If I look at the environmental space for example, carbon is not the only game in town. It's really important, don't get me wrong, but we should also be looking at how we are reducing waste and considering water management. So, I think definitely in the future we're going to see more reporting requirements coming in. And actually, I think some companies are starting to get ahead of that already, which is good to see.
How do you determine the success of your ESG framework?
It's about whether you are meeting your targets. So, are you meeting your targets for carbon reduction year on year? Are you reducing your impact on the environment? Are you investing in communities in a way that is making a really positive difference? I think number one, you need to make sure that you've got some clear targets, and number two, are you delivering on them?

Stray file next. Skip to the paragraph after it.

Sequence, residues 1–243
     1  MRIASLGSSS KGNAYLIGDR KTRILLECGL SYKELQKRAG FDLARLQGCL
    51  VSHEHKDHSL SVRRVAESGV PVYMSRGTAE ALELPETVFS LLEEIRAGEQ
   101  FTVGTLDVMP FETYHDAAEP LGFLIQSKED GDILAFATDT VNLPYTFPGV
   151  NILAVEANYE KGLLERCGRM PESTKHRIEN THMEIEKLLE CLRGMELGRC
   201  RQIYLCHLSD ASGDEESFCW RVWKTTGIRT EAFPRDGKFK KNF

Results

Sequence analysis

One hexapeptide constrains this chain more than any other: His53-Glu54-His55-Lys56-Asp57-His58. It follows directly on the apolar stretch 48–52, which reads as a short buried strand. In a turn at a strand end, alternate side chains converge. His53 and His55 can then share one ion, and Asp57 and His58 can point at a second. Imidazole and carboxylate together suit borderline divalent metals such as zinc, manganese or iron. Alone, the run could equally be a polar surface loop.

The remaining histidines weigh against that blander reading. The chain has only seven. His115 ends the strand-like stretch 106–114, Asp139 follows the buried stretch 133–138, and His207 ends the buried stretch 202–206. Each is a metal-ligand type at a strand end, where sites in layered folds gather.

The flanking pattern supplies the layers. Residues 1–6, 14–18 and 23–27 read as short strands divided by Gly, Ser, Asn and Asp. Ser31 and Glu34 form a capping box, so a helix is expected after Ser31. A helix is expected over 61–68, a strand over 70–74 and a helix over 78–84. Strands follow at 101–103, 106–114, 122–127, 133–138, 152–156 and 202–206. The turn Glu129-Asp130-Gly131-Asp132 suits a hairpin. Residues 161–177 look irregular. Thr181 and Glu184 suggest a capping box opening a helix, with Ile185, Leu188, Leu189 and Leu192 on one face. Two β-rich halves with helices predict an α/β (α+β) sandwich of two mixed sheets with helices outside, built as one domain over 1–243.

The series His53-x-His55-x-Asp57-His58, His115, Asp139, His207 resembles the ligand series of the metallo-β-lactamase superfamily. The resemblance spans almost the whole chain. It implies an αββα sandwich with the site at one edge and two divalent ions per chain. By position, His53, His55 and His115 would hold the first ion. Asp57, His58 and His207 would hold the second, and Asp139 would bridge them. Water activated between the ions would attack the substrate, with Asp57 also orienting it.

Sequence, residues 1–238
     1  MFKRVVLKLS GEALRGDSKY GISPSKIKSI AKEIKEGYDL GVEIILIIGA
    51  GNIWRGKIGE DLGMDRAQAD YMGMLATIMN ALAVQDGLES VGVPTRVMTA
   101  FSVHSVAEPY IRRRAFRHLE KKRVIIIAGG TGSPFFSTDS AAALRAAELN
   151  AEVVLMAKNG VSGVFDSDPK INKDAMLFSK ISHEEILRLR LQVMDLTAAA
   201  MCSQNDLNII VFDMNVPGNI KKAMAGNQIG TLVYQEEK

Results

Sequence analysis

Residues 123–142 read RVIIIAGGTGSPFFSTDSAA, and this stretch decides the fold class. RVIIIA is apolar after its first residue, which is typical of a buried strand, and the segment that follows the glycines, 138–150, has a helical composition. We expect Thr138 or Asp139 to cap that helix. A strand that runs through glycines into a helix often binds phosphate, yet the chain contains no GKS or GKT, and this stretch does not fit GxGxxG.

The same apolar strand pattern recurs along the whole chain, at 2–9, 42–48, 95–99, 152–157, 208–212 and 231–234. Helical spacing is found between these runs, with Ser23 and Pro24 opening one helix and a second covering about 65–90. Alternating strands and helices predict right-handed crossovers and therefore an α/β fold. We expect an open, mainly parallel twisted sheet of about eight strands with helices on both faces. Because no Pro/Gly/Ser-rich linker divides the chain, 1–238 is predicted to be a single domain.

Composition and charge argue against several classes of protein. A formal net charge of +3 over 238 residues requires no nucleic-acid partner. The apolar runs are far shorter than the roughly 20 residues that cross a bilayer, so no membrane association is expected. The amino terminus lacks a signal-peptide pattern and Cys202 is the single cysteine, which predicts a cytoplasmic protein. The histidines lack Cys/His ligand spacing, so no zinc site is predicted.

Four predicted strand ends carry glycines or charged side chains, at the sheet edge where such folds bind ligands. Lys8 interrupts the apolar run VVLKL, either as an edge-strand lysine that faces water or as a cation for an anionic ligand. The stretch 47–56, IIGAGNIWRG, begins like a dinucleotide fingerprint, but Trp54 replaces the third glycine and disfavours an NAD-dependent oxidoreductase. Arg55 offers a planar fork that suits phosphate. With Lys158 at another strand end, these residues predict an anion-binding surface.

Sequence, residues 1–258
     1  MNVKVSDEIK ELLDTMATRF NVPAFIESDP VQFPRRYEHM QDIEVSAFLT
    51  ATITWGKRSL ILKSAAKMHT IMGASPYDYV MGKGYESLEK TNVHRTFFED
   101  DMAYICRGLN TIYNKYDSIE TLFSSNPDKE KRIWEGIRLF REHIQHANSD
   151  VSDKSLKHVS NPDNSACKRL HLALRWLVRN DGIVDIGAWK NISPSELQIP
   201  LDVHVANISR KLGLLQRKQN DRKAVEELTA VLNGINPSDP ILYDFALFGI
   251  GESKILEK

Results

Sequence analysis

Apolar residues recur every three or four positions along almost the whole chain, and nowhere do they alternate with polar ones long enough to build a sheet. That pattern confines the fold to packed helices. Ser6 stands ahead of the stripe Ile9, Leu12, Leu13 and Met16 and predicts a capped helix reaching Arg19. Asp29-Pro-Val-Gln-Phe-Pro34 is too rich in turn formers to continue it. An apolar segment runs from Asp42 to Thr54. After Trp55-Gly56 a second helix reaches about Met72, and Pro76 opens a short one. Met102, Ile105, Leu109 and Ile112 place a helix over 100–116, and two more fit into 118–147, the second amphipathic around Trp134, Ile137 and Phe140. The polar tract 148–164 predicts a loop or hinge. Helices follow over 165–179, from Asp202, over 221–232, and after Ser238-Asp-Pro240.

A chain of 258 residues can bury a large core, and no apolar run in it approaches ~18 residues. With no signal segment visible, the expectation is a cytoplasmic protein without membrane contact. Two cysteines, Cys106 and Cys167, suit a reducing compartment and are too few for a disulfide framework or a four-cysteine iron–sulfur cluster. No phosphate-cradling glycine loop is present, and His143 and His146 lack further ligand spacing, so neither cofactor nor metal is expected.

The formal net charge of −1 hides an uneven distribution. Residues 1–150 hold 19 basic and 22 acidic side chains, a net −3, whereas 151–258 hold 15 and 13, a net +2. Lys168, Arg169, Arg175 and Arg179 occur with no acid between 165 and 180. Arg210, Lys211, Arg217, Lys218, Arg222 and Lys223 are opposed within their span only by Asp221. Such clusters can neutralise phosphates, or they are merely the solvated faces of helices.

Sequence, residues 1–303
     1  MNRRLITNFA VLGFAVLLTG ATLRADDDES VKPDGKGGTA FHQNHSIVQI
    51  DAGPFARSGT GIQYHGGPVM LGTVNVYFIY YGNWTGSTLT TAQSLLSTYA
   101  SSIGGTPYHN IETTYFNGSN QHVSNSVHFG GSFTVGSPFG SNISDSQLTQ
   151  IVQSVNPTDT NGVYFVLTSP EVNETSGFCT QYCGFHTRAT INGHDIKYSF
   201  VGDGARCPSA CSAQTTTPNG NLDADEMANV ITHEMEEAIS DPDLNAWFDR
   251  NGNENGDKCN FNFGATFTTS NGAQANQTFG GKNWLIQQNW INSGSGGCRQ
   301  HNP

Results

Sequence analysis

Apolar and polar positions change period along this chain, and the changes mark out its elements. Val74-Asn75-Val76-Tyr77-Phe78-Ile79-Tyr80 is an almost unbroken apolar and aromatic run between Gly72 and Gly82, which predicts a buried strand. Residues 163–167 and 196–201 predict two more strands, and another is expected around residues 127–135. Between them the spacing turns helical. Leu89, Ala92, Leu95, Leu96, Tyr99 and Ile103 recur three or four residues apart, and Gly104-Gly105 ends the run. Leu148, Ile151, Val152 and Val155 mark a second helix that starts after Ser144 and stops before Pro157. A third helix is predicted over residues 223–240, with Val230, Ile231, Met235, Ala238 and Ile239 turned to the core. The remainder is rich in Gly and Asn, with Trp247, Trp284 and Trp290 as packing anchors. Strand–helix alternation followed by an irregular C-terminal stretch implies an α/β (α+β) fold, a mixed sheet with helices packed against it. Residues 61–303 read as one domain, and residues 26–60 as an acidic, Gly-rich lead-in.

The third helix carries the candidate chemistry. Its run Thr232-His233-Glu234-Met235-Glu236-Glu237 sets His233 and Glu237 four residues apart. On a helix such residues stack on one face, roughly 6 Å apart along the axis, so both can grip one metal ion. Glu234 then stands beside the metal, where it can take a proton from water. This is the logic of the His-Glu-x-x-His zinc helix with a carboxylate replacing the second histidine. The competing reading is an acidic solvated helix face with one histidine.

There are also other measures - people vote with their feet. Are you losing too many employees and is that potentially because you're not doing the right thing in this space? Are you losing customers, or are you winning employees and customers? So, thinking about it in a broader sense is very helpful.
How can businesses navigate the ever-changing landscape of ESG?
Focus on the things that matter most to your organisation, which will both improve the planet’s health, improve people's lives, and improve your employees’ lives. And by doing that, also improve your organisation and its long-term prospects. Thinking about what the biggest positive difference your organisation can make is really focuses the mind.